Her name was Marie Antoinette Turzo, but they called her just Antoinette. It sounded more “regal,” they said. Magnificent. Dignified. Graceful.

“We said she was from a different time and ahead of her time," said daughter Elene. ”She was an Earth child."

Born in Italy in 1918, Mrs. Turzo lived with her parents and eight siblings on South Philadelphia’s Wharton Street beginning in 1929. Then she spent her life on the go. She married Antonio Turzo in 1942 and became a mother of three boys and two girls, a homemaker who baked and canned and sewed. Her Sunday gravy was a family favorite.

She had a stage name as an announcer for an Italian radio show when she was young, and she tended pigs and chickens on a small Bucks County farm later on. She built brick patios from the ground up, refurbished houses, and refinished furniture. She adored opera, especially Puccini.

She loved to wear hats and whip up homemade pasta. She spoke Italian, French, and English and flourished at the Free Library. She also lived in Northeast Philly, Roxborough, and Mount Airy, and she left her “graceful and controlled” mark at every stop.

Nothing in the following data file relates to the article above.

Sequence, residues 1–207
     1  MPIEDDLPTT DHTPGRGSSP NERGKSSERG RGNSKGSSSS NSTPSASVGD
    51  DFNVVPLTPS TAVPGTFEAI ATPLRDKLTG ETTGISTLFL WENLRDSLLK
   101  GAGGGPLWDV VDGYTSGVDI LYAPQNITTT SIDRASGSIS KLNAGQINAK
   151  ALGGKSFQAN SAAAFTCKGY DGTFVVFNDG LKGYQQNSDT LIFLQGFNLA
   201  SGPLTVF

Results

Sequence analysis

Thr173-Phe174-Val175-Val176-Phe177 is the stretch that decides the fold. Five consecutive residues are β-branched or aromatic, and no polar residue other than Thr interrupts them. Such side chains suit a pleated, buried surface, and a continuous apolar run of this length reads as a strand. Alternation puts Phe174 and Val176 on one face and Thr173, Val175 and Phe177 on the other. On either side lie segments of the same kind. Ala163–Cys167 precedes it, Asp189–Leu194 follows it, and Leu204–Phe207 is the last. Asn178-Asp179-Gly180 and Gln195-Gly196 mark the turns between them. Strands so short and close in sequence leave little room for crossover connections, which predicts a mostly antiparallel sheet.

“She was never still for a minute,” Elene said. “She was a Renaissance woman who could do anything.”

Her family considered Mrs. Turzo’s home the "Mecca of all things in Italian culture.”

Mrs. Turzo, 102, died on Saturday, April 25, due to COVID-19. She had been living at Simpson House when she contracted the disease.

Her grandson Christian wrote at length about her on Facebook, and family members added their own poignant memories.

“She was truly a sheer force of nature, exceptionally beautiful inside and out, tough as nails yet delicate as a violet, with a dizzying intellect and a razor-sharp switchblade mind,” Christian wrote. “She was magical to me.”

Mrs. Turzo was called the May Queen by her grandson. Here she poses in her rose garden.
Courtesy of the Turzo Family
Mrs. Turzo was called the May Queen by her grandson. Here she poses in her rose garden.

One relative said in a tribute, “For me, her home and her kitchen were the Mecca of all things in Italian culture.”

In addition to her daughter and grandson, Mrs. Turzo is survived by daughter Laura; sons Vincent, Aldo, and Leonard; three siblings; 14 grandchildren; 10 great-grandchildren; one great-great-granddaughter; and many nieces and nephews. She was predeceased by her husband.

Gary Miles